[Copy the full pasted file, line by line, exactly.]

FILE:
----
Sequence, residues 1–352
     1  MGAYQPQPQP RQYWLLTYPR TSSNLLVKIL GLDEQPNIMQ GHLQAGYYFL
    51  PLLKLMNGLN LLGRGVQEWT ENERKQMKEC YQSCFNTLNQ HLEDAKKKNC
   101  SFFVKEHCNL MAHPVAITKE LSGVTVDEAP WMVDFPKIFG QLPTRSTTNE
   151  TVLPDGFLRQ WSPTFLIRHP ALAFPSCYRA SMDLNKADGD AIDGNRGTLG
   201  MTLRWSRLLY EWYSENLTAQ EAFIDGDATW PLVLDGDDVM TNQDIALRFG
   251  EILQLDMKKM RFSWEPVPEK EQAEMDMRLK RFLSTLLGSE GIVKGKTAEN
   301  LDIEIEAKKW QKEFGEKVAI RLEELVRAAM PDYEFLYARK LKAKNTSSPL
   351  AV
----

Sequence, residues 1–352
     1  MGAYQPQPQP RQYWLLTYPR TSSNLLVKIL GLDEQPNIMQ GHLQAGYYFL
    51  PLLKLMNGLN LLGRGVQEWT ENERKQMKEC YQSCFNTLNQ HLEDAKKKNC
   101  SFFVKEHCNL MAHPVAITKE LSGVTVDEAP WMVDFPKIFG QLPTRSTTNE
   151  TVLPDGFLRQ WSPTFLIRHP ALAFPSCYRA SMDLNKADGD AIDGNRGTLG
   201  MTLRWSRLLY EWYSENLTAQ EAFIDGDATW PLVLDGDDVM TNQDIALRFG
   251  EILQLDMKKM RFSWEPVPEK EQAEMDMRLK RFLSTLLGSE GIVKGKTAEN
   301  LDIEIEAKKW QKEFGEKVAI RLEELVRAAM PDYEFLYARK LKAKNTSSPL
   351  AV